The essence of science is the formulation and execution of strategies designed to answer questions, and in this month's “Neuroscience Today, Neurology Tomorrow” (page 8), we are given considerable insight into the sequential neurophysiological nature of the intention to act (formulation) and the act itself (execution). Whether the question is how to prevent Alzheimer's disease, use genetic tests effectively, or make Medicare sustainable, we first formulate a plan that we will then carry out. Therefore, our April issue provides a wonderful context in which to continue our discussion of creativity by turning to the step of strategic formulation, the first step in action.
Howard Gardner, Ph.D., in his 1983 book, “Frames of Mind,” first proposed the theory of multiple intelligences. He derived a set of six (at that time) noncoinciding intellectual competencies from rigorous and overlapping neurological, psychological, and developmental observations. The original six intelligences included linguistic, musical, logical-mathematical, spatial, bodily-kinesthetic, and personal intelligence. According to Gardner, any form of intelligence has a creative aspect in which a desired goal is envisioned and a plan for attaining it is formulated and then executed (What is intelligence? in “Frames of Mind” [New York: Harper Collins, 1983, pp. 59-70]).
Translating a creative vision, an idea, into a creative achievement requires a strategic plan, as illustrated by the scientist writing a grant or the architect drafting blueprints. I have an idea that age-related memory decline may be a manifestation of subclinical Alzheimer's disease, but formulating an experiment to test that idea is a nontrivial subsequent step. The generation of ideas and the formulation of a strategic action plan to realize those ideas are not wholly separate processes because both require mental imagery, but they might be likened to Mihály Csíkszentmihályi's model of creativity where the idea represents a low-threshold, low-effort thought while the plan is a more effortful and deliberate formulation to give the idea “legs” (“Creativity: Flow and the Psychology of Discovery and Invention” [New York: Harper Collins, 1996]).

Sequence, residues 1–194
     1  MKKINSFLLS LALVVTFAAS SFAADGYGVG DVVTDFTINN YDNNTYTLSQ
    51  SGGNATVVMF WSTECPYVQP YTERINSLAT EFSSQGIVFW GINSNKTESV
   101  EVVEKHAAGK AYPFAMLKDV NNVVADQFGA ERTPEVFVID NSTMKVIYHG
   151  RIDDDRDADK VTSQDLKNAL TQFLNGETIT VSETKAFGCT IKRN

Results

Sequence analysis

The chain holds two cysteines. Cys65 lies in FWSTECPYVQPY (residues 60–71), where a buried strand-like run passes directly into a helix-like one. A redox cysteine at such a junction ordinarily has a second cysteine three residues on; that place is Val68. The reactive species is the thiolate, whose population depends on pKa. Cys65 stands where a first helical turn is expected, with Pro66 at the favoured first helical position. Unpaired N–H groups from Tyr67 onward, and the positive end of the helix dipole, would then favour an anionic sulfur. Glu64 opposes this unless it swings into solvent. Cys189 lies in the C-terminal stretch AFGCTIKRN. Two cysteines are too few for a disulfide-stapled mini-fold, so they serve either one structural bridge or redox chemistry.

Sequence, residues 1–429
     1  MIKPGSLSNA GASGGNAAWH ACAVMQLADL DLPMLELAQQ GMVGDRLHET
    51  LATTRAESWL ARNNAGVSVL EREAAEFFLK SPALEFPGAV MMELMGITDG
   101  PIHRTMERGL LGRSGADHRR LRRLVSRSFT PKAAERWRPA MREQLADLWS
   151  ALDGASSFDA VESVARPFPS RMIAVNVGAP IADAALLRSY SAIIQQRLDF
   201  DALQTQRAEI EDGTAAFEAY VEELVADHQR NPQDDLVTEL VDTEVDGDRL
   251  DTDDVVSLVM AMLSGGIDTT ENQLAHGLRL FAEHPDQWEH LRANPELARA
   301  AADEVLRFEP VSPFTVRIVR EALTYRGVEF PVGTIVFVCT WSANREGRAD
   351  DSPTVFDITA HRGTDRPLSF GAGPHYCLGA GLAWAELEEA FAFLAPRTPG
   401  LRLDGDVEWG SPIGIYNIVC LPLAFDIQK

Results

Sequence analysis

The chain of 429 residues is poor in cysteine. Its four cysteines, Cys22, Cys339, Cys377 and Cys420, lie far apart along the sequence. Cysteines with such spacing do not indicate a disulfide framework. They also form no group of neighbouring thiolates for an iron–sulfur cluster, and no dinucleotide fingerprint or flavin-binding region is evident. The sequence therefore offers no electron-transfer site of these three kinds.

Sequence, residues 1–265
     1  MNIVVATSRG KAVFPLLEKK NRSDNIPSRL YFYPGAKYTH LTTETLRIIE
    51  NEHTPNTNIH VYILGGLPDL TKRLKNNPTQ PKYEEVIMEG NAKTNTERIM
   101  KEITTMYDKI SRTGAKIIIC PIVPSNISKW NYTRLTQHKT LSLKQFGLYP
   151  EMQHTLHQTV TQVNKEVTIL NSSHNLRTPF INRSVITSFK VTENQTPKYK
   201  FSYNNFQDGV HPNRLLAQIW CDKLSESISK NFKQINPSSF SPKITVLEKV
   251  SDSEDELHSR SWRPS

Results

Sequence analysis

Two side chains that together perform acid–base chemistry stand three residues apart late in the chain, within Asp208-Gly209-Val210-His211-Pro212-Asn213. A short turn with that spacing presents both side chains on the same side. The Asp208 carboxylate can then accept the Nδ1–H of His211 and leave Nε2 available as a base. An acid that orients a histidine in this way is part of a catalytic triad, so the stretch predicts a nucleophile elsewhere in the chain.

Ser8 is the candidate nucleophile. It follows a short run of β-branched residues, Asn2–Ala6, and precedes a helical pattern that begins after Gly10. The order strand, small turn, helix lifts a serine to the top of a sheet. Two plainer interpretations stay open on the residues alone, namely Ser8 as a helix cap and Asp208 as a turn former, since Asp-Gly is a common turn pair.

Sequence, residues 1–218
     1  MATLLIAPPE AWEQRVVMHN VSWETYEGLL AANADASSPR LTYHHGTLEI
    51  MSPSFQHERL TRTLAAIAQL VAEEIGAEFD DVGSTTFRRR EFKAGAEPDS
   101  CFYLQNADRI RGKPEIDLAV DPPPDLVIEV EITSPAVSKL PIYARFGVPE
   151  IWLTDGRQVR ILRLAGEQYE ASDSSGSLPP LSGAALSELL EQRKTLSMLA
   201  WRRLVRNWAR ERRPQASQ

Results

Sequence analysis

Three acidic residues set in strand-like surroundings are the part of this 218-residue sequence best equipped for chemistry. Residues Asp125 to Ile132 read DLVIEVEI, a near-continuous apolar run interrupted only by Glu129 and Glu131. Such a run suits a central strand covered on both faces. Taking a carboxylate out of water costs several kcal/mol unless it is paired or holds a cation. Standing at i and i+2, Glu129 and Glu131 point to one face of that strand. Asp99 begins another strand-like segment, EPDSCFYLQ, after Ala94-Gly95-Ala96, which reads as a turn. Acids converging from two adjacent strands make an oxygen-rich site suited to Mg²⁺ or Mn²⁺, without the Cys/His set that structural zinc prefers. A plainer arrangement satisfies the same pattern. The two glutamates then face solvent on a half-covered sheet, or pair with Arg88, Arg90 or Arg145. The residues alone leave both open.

Strategic planning requires the ability to perceive and weigh the importance of multiple pieces of information that accommodate the needs of the individual to the circumstances of the situation. Working memory, the cognitive process that underlies multitasking, involves holding all relevant pieces of information in our conscious thought while we generate an action plan. Physiologically, dorsolateral prefrontal neurons become active during the period when information must be retained before a response can be enacted (Curr. Opin. Neurobiol. 2004;14:163-8). The activation of neurons in this region may reflect holding online the relevant information itself, or another aspect such as its intended future use in the action plan. We perceive various stimuli around us, and learn to associate certain ones with specific outcomes (for example, the sound of a dinner bell means dinner is served). Such stimulus-outcome relationships may be simple (single and immediately paired) or complex and removed from the salient outcome by multiple steps, but all act through activation of the same reward systems we have discussed.
But what about when a solution arrives in an “aha moment,” a sudden burst of insight that does not seem to derive from strategic planning? These moments, which are possibly analogous to the unintended, sudden spontaneous generation of a mental image, are unexpected, and generally do not occur during a time of deliberate conscious (or externally provoked) analysis (Trends Cog. Sci. 2005;9:322-8). Mind wandering provides fertile ground for aha moments. It is a state of spontaneous thought that is not deliberate and that occurs when there is a lull in external demands, such as in the shower. Sudden insights that arise during states of mind wandering can be quite relevant solutions for unfinished problems, just as if the working memory state of systematic analysis had been temporarily paused and then suddenly restarted, bringing an important missing piece of the puzzle into conscious awareness.
Functional MRI studies of insight-oriented problem solving and mind wandering have revealed that both involve enhanced activity of the anterior cingulate cortex, the same general region that is first activated when our behavior changes in response to altered reward (Proc. Natl. Acad. Sci. U.S.A. 2009;106:8719-24). The anterior cingulate is part of a “default network,” a series of brain structures that, paradoxically, become maximally active when we are at rest. When individuals are unaware of their mind wandering (and so least aware of internal and external distractions), working memory regions (including the dorsolateral prefrontal cortices) increase their activity together with the default network. This possibly provides a neural substrate for spontaneous “aha” insights that arise during periods of mind wandering.